The Smarter Balanced Assessment Consortium is a state-led association working to develop next-generation assessments that accurately measure student progress toward college and career readiness. Smarter Balanced is one of two multistate consortium awarded funding from the U. S. Department of Education in 2010 to develop an assessment system aligned to the Common Core State Standards by the 2014-15 school year. The other consortium is called Partnership for Assessment of Readiness for College and Careers (PARCC).
Smarter Balanced Item/Task Specifications and Review Guidelines
These specifications, developed by the Smarter Balanced Governing States, were used by K-12 teachers and higher education faculty to write and review assessment items and performance tasks. They provide guidance on how to translate the Smarter Balanced Content Specifications into actual assessment items. Additionally, guidelines for bias and sensitivity, accessibility and accommodations, and style help item developers and reviewers ensure consistency and fairness across the item bank.
Item and Task Types
The Smarter Balanced assessment system includes a variety of item types. The response formats included in the sample items will be updated based on findings from cognitive labs and small scale trials being conducted this fall, as well as additional information gathered during pilot testing in early 2013.
Accessibility (Support for Under-Represented Students)
- Selected-response items prompt students to select one or more responses for a set of options.
- Technology-enhanced items take advantage of computer-based administration to assess a deeper understanding of content and skills than would otherwise be possible with traditional item types. Technology-enhanced items capitalize on technology to collect evidence through a non-traditional response type, such as editing text or drawing an object. Selected-response and technology-enhanced items can be scored automatically.
- Constructed-response items prompt students to produce a text or numerical response in order to collect evidence about their knowledge or understanding of a given assessment target.
- Performance tasks measure a student's ability to integrate knowledge and skills across multiple standards - a key component of college and career readiness. Performance tasks will be used to better measure capacities such as depth of understanding, research skills, and complex analysis, which cannot be adequately assessed with selected- or constructed-response items.
The Smarter Balanced assessment system will provide accurate measures of achievement and growth for students with disabilities and English language learners. The assessments will address visual, auditory, and physical access barriers - as well as the unique needs of the English language learners - allowing virtually all students to demonstrate what they know and can do.
- Designed for all students
The Smarter Balanced assessment system uses technology to deliver assessments that fit the needs of individual students. Items and tasks will be associated with a variety of accessibility tools and accommodations that can be delivered to students automatically based on their profile.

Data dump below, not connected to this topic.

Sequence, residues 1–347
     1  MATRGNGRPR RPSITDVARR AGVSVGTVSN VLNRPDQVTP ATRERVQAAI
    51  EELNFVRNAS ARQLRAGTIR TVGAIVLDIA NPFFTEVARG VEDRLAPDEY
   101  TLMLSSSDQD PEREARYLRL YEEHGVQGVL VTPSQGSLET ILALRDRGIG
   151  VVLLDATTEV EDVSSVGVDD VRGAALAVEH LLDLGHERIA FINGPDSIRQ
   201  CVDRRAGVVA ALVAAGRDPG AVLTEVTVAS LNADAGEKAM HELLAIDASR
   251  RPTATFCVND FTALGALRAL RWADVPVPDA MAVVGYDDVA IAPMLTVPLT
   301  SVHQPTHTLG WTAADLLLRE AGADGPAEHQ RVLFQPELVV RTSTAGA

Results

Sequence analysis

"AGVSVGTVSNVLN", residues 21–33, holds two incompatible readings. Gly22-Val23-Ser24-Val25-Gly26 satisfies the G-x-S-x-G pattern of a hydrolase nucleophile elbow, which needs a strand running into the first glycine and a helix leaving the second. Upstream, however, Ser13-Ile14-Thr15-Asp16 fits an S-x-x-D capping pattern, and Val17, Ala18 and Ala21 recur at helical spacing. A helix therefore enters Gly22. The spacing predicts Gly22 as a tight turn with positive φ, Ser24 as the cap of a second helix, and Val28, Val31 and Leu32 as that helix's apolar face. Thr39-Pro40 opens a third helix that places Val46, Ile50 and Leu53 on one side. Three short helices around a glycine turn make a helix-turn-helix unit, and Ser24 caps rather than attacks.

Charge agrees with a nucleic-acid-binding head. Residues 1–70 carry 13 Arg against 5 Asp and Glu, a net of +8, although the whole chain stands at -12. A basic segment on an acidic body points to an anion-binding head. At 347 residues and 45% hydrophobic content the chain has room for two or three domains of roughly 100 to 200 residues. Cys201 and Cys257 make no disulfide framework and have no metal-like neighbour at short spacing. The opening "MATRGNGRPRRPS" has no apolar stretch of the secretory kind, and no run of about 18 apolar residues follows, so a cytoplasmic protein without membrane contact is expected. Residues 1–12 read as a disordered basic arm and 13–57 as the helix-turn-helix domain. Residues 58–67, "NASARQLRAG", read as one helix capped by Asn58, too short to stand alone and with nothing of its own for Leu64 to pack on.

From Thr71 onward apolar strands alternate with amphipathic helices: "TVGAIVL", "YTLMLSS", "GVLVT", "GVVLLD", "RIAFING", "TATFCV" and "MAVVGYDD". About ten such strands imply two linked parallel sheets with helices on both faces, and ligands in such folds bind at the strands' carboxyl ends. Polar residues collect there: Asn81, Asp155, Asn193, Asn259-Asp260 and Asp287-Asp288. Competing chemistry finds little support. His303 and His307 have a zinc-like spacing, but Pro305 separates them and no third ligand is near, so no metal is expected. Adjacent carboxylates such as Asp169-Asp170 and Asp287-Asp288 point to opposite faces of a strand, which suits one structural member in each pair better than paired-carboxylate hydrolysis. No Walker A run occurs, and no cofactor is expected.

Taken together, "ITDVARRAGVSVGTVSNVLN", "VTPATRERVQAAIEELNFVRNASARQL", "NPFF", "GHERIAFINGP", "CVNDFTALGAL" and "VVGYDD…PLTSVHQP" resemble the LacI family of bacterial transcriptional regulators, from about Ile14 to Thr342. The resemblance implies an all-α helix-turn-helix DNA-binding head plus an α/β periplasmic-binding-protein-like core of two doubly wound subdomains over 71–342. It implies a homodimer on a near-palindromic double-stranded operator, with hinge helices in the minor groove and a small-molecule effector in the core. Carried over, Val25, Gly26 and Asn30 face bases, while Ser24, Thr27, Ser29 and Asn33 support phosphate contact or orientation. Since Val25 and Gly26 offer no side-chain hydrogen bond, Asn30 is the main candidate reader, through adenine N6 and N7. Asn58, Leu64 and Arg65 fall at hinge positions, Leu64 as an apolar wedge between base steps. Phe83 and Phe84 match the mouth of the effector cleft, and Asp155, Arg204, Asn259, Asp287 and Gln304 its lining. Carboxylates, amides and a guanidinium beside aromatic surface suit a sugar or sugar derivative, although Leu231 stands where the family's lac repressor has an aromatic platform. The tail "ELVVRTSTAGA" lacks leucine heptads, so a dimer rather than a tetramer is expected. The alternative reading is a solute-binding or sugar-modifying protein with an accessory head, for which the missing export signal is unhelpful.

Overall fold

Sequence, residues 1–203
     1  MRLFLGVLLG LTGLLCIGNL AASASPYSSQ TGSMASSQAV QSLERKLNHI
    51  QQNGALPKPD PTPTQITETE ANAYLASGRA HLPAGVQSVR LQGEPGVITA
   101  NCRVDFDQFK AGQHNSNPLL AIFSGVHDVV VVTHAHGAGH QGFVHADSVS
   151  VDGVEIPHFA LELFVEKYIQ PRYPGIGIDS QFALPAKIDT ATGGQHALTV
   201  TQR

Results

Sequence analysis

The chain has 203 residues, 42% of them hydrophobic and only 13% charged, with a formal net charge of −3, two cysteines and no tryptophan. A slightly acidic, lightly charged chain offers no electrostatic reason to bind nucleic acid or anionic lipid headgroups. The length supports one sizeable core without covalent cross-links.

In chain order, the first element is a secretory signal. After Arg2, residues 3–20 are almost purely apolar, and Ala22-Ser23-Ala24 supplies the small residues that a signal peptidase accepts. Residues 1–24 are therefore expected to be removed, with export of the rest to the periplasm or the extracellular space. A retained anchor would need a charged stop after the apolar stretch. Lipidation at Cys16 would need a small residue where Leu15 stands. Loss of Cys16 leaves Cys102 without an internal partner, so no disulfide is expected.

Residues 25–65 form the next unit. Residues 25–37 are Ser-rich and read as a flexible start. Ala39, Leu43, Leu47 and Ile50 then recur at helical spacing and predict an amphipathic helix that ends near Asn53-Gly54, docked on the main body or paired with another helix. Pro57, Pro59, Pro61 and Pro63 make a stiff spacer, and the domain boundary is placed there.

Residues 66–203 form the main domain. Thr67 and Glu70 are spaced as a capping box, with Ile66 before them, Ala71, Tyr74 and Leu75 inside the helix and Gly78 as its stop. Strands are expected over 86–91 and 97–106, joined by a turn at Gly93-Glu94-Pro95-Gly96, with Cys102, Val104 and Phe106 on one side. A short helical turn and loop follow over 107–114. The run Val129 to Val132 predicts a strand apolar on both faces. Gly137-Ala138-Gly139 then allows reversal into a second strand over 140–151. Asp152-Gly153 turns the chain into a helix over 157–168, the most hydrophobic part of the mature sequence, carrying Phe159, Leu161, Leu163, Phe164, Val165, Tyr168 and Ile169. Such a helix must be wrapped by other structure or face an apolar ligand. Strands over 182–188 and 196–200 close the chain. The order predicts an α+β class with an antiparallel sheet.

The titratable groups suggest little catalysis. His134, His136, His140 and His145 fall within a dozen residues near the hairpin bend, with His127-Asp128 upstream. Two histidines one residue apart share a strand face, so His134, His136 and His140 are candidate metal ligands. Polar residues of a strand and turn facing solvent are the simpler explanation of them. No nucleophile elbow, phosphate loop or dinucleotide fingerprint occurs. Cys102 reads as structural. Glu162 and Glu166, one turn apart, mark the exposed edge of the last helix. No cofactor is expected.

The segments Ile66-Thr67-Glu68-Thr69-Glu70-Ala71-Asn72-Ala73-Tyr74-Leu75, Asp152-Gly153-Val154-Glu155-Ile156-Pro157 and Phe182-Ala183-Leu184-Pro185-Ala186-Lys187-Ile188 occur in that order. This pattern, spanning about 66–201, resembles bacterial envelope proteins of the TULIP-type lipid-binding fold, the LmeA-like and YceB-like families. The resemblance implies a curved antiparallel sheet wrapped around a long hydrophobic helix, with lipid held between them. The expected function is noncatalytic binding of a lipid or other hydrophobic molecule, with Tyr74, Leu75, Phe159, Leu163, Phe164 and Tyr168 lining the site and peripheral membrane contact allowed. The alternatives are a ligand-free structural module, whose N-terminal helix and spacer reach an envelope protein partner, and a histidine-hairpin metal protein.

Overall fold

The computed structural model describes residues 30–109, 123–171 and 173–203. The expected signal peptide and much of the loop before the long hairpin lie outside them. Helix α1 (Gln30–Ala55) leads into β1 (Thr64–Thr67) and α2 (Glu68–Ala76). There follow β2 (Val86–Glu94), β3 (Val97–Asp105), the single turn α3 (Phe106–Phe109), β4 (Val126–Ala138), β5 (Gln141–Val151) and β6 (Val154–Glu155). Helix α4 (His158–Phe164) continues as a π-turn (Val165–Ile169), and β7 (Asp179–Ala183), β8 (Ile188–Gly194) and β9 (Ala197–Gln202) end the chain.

Accessibility tools include, but are not limited to: foreground and background colors; tactile presentation of content (e.g., Braille); and translated presentation of content in signed form and select languages. Online delivery of Smarter Balanced assessments ensures that students can take a test individualized to meet their needs at the same time as their peers.
- Designed with Experts
SBAC is working with educators, students, and experts in the field to design and test the assessment system. In addition to a state-led Accessibility and Accommodations Work Group, the Consortium works with advisory panels on English language learners and students with disabilities to ensure that the assessments are developed under principles of Universal Design and research-based best practices.
The Smarter Balanced assessment system will use Computer Adaptive Testing (CAT) for much of the assessments. This type of testing format supplies students with questions based on responses to previous questions. Based on the student's response, the computer program adjusts the difficulty of questions throughout the assessment. For example, a student who answers a question correctly will receive a more challenging item, while an incorrect answer generates an easier question. By adapting to the student as the assessment is taking place, these assessments present an individually tailored set of questions to each student and can quickly identify skills students have mastered. This approach represents a significant improvement over traditional paper-and-pencil assessments used in many states today.
- Better information for teachers
Some assessments have the ability to provide a more detailed picture of where students excel or need additional support, helping teachers to differentiate instruction.
- More efficient and more secure
CATs are typically shorter than paper-and-pencil assessments because fewer questions are required to accurately determine each student's achievement level. The assessments draw from a large bank of questions, and since students receive different questions based on their responses, test items are more secure and can be used for a longer period of time.
- More accurate
CAT offers teachers and schools a more accurate way to evaluate student